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  • The P0307 code stands for “Cylinder #7 Misfire Detected,” which means there’s an incomplete combustion happening inside cylinder #7, causing it to misfire.
  • A bad ignition coil, a faulty injector, and an internal engine problem are some possible causes of the P0307 code.
  • Some common symptoms associated with the P0307 code include a hard-starting engine, an illuminated check engine light, and engine hesitation.

An engine misfire is a common drivability problem that car owners may experience at one point. Once your vehicle’s primary computer detects an engine misfire, it will most likely turn on the check engine light.

There are several OBD-II diagnostic trouble codes related to engine misfires. In this article, we will talk about the OBD code P0307.

What Does the P0307 Code Mean?

Diagnostic trouble code (DTC) P0307 stands for “Cylinder #7 Misfire Detected.” It indicates that your vehicle’s cylinder #7 is misfiring. This means that incomplete combustion is happening inside the cylinder.

Cylinder number 7 refers not to the seventh cylinder in the firing order, but the cylinder numbered “7” in the arrangement of cylinders on the engine.

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mechanic obd code
The definition of Code P0307 may vary depending on the vehicle manufacturer.

Cylinder number 7 refers not to the seventh cylinder in the firing order, but the cylinder numbered “7” in the arrangement of cylinders on the engine.

– Richard McCuistian, ASE Certified Master Automobile Technician

Remember that the efficient burning of air and fuel is essential to engine operation. Without the proper combustion of the air/fuel mixture, the engine won’t run properly or won’t run at all.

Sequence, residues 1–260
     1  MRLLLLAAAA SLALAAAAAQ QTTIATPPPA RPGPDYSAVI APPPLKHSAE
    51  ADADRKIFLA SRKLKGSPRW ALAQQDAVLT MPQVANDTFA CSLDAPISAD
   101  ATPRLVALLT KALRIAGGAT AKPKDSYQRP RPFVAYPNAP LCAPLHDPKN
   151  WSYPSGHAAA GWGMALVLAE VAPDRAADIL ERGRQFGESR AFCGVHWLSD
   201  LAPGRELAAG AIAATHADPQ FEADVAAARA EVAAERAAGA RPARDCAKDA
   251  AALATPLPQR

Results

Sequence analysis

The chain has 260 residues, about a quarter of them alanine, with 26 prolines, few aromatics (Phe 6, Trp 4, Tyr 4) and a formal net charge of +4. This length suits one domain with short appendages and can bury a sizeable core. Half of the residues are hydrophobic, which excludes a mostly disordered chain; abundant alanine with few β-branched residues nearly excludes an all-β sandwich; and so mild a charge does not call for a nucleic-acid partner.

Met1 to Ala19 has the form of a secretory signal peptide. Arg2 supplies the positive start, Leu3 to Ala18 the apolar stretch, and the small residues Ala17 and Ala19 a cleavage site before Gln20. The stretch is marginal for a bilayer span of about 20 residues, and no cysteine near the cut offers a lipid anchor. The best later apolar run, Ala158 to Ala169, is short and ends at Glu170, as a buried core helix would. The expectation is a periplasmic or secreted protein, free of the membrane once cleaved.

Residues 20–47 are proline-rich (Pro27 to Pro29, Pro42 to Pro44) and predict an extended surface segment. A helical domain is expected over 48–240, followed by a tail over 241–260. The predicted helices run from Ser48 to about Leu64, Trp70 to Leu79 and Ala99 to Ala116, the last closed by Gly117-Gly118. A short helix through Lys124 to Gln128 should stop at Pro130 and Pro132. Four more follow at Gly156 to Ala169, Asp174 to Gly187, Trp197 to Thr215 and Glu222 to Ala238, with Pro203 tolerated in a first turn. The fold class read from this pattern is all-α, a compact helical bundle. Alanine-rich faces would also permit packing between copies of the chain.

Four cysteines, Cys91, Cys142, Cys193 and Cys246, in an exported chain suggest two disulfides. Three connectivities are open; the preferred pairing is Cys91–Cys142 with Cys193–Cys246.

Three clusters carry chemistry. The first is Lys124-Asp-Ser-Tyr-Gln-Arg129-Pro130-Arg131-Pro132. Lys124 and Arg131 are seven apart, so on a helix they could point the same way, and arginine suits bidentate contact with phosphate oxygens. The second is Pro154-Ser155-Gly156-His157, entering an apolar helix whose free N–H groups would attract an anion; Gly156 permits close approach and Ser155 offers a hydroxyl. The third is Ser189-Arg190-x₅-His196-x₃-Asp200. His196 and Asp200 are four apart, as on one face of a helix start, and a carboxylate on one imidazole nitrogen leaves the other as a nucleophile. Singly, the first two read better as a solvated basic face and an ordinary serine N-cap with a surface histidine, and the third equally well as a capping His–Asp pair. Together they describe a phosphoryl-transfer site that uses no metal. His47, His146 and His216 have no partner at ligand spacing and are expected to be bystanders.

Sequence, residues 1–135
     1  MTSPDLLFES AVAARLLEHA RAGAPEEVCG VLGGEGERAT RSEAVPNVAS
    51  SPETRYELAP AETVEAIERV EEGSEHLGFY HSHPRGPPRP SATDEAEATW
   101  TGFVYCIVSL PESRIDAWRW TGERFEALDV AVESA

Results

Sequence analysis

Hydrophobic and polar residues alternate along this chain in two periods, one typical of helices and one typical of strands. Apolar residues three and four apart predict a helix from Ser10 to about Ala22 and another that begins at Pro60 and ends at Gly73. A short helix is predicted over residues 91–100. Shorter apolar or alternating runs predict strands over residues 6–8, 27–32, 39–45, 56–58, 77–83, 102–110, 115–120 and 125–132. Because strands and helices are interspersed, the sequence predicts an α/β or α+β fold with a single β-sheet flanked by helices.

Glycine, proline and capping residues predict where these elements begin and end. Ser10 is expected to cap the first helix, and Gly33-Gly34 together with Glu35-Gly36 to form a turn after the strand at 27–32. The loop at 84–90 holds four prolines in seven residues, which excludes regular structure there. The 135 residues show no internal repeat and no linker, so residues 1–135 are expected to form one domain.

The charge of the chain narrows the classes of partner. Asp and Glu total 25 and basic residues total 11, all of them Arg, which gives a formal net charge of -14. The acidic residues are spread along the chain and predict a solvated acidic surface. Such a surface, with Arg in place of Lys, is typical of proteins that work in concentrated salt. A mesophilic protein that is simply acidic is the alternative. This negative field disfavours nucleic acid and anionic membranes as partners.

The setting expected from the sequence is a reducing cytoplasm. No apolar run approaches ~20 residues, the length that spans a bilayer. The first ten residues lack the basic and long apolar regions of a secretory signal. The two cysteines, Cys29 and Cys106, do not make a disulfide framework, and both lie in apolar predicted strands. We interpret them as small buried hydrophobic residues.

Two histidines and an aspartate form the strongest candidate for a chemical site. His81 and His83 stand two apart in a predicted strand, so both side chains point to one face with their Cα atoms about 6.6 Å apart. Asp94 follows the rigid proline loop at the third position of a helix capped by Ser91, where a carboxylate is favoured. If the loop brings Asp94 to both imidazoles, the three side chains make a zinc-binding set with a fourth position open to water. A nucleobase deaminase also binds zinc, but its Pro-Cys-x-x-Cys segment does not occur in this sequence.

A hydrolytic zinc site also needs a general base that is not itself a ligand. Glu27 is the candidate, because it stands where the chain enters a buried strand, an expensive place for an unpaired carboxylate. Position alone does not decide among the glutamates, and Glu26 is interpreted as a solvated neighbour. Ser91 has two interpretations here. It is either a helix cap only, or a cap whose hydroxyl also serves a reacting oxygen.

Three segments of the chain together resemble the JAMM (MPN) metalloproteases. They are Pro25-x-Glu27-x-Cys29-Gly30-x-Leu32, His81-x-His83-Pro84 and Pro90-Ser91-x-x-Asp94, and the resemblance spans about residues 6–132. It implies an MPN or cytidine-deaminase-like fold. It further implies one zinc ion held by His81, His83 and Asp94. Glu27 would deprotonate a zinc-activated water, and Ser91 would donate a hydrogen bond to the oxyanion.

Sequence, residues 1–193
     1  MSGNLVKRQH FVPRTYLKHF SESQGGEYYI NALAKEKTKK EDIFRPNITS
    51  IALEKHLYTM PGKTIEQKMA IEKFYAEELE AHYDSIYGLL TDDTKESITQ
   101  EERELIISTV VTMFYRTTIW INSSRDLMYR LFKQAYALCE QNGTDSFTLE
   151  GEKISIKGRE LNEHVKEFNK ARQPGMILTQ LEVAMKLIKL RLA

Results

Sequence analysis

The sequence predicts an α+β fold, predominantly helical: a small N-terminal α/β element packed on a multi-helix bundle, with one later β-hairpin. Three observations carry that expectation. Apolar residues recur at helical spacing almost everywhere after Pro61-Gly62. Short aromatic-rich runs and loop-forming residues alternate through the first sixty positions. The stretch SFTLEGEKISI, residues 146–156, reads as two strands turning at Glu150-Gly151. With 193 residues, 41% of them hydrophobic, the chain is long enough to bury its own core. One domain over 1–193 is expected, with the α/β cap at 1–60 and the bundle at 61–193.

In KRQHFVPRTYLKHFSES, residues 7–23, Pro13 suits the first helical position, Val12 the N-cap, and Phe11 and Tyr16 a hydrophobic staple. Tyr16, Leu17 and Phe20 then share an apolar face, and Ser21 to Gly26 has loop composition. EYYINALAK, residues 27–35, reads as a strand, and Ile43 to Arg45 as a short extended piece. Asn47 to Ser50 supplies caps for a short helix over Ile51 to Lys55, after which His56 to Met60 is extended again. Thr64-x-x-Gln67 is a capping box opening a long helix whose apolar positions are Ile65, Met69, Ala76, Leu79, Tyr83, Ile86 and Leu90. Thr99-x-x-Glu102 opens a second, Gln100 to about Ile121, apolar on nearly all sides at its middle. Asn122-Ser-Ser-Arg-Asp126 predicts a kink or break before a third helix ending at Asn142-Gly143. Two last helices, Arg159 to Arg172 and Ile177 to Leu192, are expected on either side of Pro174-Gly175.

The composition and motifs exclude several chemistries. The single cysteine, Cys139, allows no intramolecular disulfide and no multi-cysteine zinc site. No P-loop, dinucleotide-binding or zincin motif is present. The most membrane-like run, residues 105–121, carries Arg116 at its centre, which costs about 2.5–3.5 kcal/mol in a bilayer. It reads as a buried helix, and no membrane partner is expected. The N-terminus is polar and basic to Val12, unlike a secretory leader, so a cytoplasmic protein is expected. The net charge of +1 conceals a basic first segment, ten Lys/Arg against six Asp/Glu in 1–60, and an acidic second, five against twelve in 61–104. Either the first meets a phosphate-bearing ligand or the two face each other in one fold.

If you need help locating cylinder #7, read our explanation about cylinder location and firing order. An in-depth understanding of cylinder misfires can also help you correctly diagnose the issue and come up with a solution if you’re planning a DIY fix.

Note: The definition of Code P0307 may vary depending on the vehicle manufacturer. It is best to consult your trusted repair manual or repair database for the exact code definition.

P0307 on Some Ford Vehicles

Code P0307 may appear on some Ford vehicles. On a 2013 Ford F-150 XL 5.0L V8, for example, the code appears because of the following conditions:

  • Issues with the ignition system
  • Faulty fuel injectors
  • Running out of fuel
  • Issues with the EVAP purge valve
  • Fuel pressure problem
  • Issues with the EVAP system
  • Issues with the Exhaust gas recirculation (EGR) system
  • Base engine problem
  • Misfire monitor neutral profile correction has not been relearned since the last mechanical repair
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For this specific vehicle, Ford also notes that the malfunction indicator lamp (MIL) blinks once per second when a misfire severe enough to cause catalyst damage is detected. If the MIL is on steady state due to a misfire, this indicates the threshold for emissions was exceeded and caused the vehicle to fail an inspection and maintenance tailpipe test.